After nearly an hour of lecturing, the performance part of the program begins. It consists of the performing of alleged miracles as they are used by “godmen”. Godmen is a generic term the rationalists use to refer to people who claim to have aloukik shakti (supernatural powers). For the rationalists such “godmen” are malevolent tricksters, conjurers, charlatans, quacks, thugs, and liars; rationalists object to and try to debunk them, especially those who claim to heal, foretell the future, or perform miracles in order make an income. It is a shared decisive aim among Indian rationalists that such people should be imprisoned as they are considered to be exploiting peoples’ gullibility. The group that ANiS targets in this criticism is heterogeneous and includes all kinds of local healers, representatives and specialists of various religious traditions, wandering sãdhus, astrologists, and so on. The Hindi and Marathi terms used to refer to them include Babã, bhagat, buva, mullã, sãdhu, maulavi, phakir, tantrik, or mantrik. In this book, I will use these Hindi and Marathi terms in reference to specific “professions,” but will use “godman” in general since it is the term most often used by ANIS (even in Marathi) and can be understood in a neutral, positive, or negative sense.
After the performance, the rationalists explain the science behind the alleged miracles in order to show the audience that all supernatural claims can be explained naturally. The “miracles” the activists of ANiS stage in front of the astonished and enraptured (not to say, “enchanted”) audience include tricks such as materializing rings and necklaces from thin air, banishing a ghost from a pot of rice, producing water from an empty pot, sticking a trishül (a “trident” that has religious connotations) through one’s tongue, and walking over glowing coals. Moreover, for each miracle they tell us a corresponding story about how some “godman’ is made rich in the process, how many people died as a result of mistreatment, or how ANiS managed to put the “godman” behind bars for harming or exploiting people. In one instance, for example, the activist starts to mumble a made-up mantra and trickles some “holy oil” onto a (chemically prepared) coconut which bursts into flames within seconds. To the astonished and amazed audience members he announces:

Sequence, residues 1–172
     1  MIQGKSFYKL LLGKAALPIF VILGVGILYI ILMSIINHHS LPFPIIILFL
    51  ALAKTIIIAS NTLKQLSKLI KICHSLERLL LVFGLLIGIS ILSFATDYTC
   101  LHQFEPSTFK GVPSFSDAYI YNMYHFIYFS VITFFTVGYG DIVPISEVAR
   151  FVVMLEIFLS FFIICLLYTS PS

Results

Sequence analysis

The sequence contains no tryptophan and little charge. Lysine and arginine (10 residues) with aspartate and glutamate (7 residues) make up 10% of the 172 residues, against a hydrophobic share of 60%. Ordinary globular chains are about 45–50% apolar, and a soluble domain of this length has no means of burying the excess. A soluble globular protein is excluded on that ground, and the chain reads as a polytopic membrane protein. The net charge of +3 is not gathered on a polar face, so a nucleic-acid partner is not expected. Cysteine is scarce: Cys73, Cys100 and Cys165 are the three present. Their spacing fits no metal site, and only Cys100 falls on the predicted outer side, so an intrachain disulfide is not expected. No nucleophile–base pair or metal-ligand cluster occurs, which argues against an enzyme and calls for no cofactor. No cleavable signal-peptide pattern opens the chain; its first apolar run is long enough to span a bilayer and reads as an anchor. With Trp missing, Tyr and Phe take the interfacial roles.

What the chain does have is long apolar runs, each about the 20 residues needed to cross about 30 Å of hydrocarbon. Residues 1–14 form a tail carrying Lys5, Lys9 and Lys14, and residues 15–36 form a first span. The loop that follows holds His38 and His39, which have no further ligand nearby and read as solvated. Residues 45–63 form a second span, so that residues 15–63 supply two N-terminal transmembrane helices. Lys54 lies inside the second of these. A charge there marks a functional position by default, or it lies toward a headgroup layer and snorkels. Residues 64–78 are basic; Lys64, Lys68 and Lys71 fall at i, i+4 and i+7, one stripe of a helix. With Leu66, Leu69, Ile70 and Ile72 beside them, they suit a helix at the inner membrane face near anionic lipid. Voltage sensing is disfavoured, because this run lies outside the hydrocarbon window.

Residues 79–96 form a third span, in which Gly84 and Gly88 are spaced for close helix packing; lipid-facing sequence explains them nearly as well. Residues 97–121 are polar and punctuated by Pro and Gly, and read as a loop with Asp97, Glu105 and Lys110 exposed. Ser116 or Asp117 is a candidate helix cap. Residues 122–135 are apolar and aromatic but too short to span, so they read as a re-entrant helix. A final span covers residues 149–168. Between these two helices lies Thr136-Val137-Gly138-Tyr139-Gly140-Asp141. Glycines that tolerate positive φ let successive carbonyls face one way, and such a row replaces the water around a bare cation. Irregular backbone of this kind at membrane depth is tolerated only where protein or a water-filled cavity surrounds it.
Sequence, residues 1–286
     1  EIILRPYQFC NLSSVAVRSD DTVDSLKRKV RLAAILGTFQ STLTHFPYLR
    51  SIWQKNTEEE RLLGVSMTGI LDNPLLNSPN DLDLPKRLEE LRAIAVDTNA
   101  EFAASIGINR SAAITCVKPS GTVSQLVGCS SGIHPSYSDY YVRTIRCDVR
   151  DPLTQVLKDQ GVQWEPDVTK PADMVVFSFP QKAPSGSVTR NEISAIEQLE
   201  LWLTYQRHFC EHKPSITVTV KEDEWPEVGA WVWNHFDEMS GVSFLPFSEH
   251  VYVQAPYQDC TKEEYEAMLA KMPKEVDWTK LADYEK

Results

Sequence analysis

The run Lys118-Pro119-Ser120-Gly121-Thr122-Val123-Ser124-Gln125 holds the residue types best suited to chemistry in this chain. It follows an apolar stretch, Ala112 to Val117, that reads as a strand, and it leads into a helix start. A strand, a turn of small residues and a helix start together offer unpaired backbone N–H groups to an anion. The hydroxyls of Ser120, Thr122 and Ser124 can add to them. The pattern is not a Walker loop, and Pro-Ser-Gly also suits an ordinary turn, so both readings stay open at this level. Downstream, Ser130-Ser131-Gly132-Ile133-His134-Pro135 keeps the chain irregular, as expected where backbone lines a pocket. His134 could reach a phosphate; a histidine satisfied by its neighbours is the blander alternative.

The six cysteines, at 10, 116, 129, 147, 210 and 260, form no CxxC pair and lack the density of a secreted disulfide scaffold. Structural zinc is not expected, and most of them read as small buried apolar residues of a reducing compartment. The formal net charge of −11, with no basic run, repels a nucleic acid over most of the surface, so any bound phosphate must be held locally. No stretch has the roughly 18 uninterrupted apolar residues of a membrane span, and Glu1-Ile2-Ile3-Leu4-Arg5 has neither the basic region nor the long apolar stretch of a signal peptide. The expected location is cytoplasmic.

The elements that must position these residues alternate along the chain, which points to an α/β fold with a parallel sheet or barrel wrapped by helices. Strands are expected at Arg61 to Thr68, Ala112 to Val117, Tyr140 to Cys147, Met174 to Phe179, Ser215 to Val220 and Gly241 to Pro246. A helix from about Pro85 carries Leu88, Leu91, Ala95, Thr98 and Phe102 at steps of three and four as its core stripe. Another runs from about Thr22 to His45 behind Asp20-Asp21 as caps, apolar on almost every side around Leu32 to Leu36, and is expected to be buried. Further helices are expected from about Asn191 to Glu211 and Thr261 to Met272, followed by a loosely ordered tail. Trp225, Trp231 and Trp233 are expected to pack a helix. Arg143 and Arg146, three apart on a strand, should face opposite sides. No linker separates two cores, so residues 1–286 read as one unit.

This is a miracle! The same miracle was demonstrated in the form of a larger yajna (fire sacrifice) when Indira Gandhi was present, but she did not believe in the miracle. She didn’t get trapped. She started thinking and then thought all night about how this might have happened. She was educated; that is why she started thinking. She could not quite get her head around it. Then, the next morning, she called up a scientist who gave her the scientific explanation behind the miracle. She realized that if the Prime Minister could be so easily duped, how much easier it would be for these bäbas and buvas to cheat and exploit the common people. She therefore recommended stressing the value of scientific temper in education. In addition, she declared the spread of a scientific temper to be the duty of all Indians. Scientific temper means to not just believe blindly but to question and confirm.